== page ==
I almost died.
Three college degrees, 30 years as an educator and/or in education-related work, and I’m relegated to Romper Room (yes, that dates me considerably).
Again, I get what they were doing. I’m ok. But… we were tired. And then… they asked us to “share.”
I felt the flatlining coming hither.
At our table, two of us clearly weren’t into the process at all. The parent across from me took three pipe cleaners and entwined them together. As she said, this represented the connection between her, her daughter, and the institution. Bring me a bucket. The person to my right made her pipe cleaner into a dollar sign, and she wasn’t the only one in the room to do so (that should say something, shouldn’t it?). Others, including grown men, made hearts out of their materials. And, of course, when they asked people to share across the room, there were lots of people prepared to do so. Some were funny. Some were scary.
But here is what killed me the most about orientation. On the morning of Day 2, new students were to get their ID cards and, at that time, course registration was to begin. And guess what? There was NO guidance and NO counseling to help students pick their class schedule. I was incredulous that they expected students to choose their courses with no individual help from counselors and/or others. Let alone that they were told that many of the necessary English and mathematics courses were already “sold” out. Unbelievable.
So, here is the real learning point from my orientation experience: teach your child to be his or her best advocate because you cannot expect anyone else to take on that role. I took it upon myself to find someone of leadership who would tell us more about course registration. We found one of the VPs, who said, “well, didn’t they go over that in your school/department session?” Um. No. The Dean was too busy patting her back and showing off her unique double-jointedness. This VP was great, though. She immediately got on the phone to the counseling department. They closed in 20 minutes, so we booked it over to the other building that we didn’t know existed and found the office with about 5 minutes to spare (at which time, the entire adult workforce of the campus completely disappeared (seriously; it was like watching ants move from pesticide). We sat down with the counselor, who is also looking at the clock wondering what the hell we are doing there. But in his favor, he sits and asks what he can do for us. My son states (because I said this was his gig, not mine) that he didn’t know what courses he should take now as opposed to later. And the counselor was great. He immediately printed out a piece a paper and started circling what he called the courses to never, ever look at, and underlined those that my son needed to fit in to his schedule.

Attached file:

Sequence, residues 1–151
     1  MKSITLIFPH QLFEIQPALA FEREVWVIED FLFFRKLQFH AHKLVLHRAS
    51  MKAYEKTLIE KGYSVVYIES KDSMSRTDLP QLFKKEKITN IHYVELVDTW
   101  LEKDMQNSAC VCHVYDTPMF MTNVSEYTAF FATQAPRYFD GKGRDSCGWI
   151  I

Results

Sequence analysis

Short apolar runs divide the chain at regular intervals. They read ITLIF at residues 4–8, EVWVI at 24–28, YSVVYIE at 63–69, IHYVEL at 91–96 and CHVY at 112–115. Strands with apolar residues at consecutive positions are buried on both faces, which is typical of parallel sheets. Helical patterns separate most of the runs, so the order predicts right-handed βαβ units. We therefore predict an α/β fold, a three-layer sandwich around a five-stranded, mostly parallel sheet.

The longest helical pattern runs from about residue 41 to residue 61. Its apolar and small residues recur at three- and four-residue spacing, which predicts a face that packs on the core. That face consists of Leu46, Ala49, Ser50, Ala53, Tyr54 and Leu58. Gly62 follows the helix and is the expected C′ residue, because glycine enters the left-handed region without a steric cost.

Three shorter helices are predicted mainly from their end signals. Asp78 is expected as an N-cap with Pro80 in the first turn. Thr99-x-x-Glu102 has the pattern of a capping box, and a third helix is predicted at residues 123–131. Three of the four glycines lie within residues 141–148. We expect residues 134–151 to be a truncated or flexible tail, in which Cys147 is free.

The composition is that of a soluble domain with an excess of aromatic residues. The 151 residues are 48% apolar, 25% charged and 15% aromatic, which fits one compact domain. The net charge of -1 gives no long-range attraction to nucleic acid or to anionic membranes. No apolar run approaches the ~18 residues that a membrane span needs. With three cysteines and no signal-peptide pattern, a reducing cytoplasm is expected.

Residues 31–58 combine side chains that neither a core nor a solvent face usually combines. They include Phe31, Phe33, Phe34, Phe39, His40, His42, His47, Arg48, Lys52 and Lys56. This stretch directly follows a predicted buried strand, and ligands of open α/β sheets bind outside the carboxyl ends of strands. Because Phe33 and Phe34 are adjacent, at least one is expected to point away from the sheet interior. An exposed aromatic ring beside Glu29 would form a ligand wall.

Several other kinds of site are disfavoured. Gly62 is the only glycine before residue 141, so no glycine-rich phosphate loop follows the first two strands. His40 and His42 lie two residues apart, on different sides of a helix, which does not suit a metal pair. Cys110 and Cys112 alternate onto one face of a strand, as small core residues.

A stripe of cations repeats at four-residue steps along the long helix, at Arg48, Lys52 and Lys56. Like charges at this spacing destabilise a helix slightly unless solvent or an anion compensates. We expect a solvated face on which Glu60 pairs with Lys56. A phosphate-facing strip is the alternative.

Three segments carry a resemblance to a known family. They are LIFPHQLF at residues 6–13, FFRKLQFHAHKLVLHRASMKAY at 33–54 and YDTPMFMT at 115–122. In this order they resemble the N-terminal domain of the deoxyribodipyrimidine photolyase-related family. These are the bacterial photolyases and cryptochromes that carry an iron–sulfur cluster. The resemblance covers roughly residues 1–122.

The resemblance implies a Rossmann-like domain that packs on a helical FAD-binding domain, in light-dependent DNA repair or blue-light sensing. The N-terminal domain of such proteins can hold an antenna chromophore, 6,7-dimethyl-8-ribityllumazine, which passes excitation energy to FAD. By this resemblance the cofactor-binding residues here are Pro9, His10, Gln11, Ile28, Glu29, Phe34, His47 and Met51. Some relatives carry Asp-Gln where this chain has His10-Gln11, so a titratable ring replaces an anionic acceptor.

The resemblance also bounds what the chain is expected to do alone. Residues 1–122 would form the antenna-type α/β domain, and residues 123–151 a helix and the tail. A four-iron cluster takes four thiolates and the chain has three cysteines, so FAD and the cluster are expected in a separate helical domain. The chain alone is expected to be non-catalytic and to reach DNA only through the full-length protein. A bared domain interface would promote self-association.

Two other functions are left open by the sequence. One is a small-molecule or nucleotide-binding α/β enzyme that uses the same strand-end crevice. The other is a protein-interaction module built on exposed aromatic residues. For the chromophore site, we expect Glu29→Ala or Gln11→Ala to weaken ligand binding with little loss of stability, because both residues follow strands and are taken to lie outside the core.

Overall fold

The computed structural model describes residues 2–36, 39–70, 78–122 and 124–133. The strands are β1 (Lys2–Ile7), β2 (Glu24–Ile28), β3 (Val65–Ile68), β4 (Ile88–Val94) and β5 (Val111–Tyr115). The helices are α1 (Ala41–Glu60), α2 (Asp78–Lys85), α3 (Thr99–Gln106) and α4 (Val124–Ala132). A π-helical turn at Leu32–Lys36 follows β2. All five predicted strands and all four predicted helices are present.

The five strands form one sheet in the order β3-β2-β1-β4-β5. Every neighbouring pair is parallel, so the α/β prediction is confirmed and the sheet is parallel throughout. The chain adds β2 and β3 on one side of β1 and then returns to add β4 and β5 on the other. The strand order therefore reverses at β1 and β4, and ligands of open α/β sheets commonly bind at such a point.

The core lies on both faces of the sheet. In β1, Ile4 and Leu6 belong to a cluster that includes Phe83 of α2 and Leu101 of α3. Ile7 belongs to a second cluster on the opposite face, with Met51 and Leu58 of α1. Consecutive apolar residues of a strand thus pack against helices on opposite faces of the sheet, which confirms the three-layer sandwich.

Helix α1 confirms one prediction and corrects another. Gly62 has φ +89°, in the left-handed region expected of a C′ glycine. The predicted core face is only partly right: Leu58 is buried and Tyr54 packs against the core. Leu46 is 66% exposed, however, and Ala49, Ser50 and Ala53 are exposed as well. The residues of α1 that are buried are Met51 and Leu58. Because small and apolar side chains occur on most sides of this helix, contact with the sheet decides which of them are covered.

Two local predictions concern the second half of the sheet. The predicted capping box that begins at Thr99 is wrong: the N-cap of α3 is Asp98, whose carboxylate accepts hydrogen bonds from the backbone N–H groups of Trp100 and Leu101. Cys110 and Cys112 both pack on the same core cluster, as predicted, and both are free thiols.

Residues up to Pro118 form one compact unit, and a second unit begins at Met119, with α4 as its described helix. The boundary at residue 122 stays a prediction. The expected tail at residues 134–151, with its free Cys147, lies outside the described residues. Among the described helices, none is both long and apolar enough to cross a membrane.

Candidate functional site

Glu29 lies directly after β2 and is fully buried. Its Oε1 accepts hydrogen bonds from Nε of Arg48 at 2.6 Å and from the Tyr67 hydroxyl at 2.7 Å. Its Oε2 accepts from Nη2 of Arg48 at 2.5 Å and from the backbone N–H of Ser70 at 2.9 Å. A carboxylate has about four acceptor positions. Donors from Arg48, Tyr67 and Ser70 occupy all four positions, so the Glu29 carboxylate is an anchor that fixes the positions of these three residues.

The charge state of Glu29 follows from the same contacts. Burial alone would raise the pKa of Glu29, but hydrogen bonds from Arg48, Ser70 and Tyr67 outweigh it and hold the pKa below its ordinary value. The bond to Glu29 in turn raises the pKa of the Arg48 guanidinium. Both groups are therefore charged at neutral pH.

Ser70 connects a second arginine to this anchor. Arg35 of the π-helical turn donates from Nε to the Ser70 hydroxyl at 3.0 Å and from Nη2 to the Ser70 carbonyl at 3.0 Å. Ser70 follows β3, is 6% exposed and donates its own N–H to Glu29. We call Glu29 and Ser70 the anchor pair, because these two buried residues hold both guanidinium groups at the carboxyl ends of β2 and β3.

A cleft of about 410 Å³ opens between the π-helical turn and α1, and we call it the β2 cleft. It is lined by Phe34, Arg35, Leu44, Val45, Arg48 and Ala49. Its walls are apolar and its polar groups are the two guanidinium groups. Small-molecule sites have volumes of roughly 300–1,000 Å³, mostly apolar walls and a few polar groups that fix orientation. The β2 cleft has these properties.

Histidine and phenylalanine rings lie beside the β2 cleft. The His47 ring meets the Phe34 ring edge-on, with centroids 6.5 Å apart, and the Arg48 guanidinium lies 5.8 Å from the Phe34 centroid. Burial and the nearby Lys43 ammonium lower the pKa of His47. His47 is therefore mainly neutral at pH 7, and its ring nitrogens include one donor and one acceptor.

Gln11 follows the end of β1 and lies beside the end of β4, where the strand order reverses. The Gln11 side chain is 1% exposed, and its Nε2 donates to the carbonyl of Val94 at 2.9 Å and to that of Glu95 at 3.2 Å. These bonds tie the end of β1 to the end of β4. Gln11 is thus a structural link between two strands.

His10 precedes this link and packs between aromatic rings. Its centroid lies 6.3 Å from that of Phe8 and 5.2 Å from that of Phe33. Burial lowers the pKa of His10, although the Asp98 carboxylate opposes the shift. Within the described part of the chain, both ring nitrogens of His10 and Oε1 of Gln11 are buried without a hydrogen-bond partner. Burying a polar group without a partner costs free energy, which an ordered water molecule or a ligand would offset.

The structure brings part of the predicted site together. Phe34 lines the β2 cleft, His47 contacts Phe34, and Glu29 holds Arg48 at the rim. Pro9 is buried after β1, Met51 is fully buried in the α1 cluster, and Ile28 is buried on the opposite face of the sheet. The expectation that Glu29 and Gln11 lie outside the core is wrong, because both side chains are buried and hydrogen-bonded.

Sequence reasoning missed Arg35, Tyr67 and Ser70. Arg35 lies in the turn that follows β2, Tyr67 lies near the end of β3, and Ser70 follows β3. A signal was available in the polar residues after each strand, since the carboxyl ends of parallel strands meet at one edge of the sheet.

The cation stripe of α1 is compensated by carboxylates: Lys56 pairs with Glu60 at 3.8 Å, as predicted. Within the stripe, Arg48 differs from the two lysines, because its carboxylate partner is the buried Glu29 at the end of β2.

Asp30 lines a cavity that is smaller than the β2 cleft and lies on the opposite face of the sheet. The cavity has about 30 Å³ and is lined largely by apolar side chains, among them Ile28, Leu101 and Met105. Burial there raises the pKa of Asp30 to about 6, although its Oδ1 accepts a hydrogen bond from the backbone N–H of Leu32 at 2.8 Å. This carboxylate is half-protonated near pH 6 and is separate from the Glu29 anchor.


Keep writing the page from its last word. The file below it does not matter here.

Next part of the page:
For a 10-minute period of time, we got exactly what we needed. And we got it on our own. I’m sure we were a small fraction of the 700 new students and parents that were similarly satisfied that day. I understand that orientation is a numbers game, but I am beside myself that they expect all these students to register for courses without a one-on-one counseling session. A hundred grand and this is the best they can do? Wow.
We thanked the counselor and went for the lollapalooza of a dinner in the courtyard, complete with a student-led jazz band (very good). My son and I got our plates and sat and listened to music. We were cooked, so to speak. The food, by the way, was the best thing of the orientation. They sure pulled the stops out on that one.
We weren’t quite done. My son was told to try and do his math placement test (this for someone who took AP calc in high school), so we found that building at about 6pm and were told it was closing and couldn’t complete it in time. He would have to do it online later, even though he could not register his math class until it was done. By the way, a month later and test completed weeks ago, he still cannot find a section of that course that fits in his schedule. Comforting.
There is much more to this story, of course, but this was the essence of my orientation experience. Everything was not lost, and it surely was not dismal. In a nutshell, there were just too much of the things that didn’t matter and too little of things that did.
In another week, I’m going to have to rip myself together and watch my son leave home, hoping that everything sorts out and the institution takes good care of my little boy.